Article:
The music industry has undergone a significant transformation in the past few decades, with the advent of digital music distribution. The rise of streaming services has disrupted the traditional music distribution model, and the industry has had to adapt to keep up with the changing landscape. In this article, we will explore the current state of music distribution and where it is headed in the future.
The Current State of Music Distribution
Streaming services have become the primary mode of music distribution in recent years. According to Forbes1, the global recorded music industry is expected to close 2019 at roughly 21 billion, and Goldman Sachs forecasts that today’s numbers will more than double to 31 billion by 2022. This growth is driven by the increasing popularity of streaming services like Spotify, Apple Music, and Tidal.While streaming has been a boon for the music industry, it has also created challenges. Many artists and labels have criticized streaming services for their low royalty rates, which they say do not adequately compensate them for their work. Additionally, the rise of streaming has led to a decline in physical music sales, which has hurt record stores and other retailers.
The Future of Music Distribution
The future of music distribution is likely to be shaped by a number of factors, including advances in technology, changes in consumer behavior, and evolving business models. One trend that is likely to continue is the growth of streaming services. As more people around the world gain access to high-speed internet, streaming services will become even more popular.Another trend that is likely to shape the future of music distribution is the rise of independent artists. As Music Business Worldwide2 notes, independent artists are increasingly using DIY distribution platforms to release their music. This trend has created challenges for major record labels, which are struggling to compete with the sheer volume of music being released by independent artists.To compete with independent artists, major labels may begin to focus more on quality over quantity. As Music Business Worldwide notes, major labels may soon pressure streaming services to pay out higher royalties for ‘quality’ or ‘premium’ artists – especially those who attract subscribers to their service.Advances in technology are also likely to shape the future of music distribution. As Forbes1notes, artificial intelligence and machine learning are already being used to help artists and labels identify new trends and opportunities. In the future, these technologies may be used to create personalized music recommendations for listeners, or to help artists create new music.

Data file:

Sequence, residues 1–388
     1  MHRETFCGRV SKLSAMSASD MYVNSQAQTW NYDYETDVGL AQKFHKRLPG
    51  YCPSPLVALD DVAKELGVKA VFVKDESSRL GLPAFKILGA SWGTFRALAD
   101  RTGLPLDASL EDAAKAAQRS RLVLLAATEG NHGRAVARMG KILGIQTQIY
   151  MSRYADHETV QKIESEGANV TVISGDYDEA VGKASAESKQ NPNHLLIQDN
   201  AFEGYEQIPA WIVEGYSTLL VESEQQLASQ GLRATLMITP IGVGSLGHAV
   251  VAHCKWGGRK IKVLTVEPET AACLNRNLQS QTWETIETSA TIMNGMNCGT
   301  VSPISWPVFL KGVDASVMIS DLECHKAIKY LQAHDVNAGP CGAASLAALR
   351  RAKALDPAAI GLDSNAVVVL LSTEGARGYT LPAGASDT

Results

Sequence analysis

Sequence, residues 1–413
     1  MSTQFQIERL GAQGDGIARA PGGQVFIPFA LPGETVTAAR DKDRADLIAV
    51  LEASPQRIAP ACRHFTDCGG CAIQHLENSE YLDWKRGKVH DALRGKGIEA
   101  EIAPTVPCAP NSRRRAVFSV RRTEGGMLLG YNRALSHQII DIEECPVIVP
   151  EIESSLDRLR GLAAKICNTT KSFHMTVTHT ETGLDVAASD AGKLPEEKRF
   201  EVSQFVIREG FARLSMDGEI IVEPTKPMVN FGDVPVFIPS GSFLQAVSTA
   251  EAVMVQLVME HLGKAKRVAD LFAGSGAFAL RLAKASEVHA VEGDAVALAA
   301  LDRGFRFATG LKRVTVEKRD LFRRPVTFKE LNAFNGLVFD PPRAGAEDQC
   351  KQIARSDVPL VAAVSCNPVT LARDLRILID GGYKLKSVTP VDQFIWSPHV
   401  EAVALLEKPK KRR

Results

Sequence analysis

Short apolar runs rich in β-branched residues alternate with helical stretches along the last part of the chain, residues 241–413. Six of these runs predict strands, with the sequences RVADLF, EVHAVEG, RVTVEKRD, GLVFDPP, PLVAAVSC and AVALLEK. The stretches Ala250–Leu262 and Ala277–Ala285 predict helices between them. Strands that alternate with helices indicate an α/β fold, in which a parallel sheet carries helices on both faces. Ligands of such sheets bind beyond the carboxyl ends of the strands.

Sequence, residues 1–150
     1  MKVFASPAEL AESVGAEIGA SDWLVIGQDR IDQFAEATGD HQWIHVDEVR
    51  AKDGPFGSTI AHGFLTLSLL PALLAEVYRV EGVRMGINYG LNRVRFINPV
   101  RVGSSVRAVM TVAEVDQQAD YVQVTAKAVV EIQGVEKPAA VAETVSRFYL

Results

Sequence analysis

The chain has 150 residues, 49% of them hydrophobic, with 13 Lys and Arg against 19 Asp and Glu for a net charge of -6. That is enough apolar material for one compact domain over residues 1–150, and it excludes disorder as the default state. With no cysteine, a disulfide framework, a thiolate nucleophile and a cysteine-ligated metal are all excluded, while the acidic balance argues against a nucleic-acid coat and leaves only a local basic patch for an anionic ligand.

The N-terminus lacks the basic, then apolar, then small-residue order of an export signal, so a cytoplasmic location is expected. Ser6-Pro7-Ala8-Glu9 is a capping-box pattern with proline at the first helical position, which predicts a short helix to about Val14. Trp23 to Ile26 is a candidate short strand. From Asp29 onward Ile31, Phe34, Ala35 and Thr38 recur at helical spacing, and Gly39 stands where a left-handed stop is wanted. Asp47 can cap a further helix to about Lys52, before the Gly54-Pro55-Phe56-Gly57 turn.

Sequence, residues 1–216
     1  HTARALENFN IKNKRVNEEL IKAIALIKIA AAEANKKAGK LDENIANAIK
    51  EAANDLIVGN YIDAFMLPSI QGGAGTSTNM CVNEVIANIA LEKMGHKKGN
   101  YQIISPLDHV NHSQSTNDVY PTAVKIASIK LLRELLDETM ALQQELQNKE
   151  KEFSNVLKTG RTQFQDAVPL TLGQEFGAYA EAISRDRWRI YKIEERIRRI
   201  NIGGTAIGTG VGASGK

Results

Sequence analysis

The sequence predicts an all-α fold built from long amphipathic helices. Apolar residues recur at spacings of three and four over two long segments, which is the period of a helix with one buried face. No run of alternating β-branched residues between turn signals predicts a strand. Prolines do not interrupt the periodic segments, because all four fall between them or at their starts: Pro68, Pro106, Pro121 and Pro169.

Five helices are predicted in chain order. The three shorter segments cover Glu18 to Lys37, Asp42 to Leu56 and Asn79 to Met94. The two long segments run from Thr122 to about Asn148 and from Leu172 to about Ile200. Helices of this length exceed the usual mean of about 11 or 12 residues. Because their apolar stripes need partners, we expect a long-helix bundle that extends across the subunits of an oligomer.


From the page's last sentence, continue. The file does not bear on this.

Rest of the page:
The future of music distribution is likely to be shaped by a number of factors, including advances in technology, changes in consumer behavior, and evolving business models. While streaming services have disrupted the traditional music distribution model, they have also created new opportunities for artists and labels. As the industry continues to evolve, it will be important for artists, labels, and streaming services to work together to create a sustainable and equitable music ecosystem.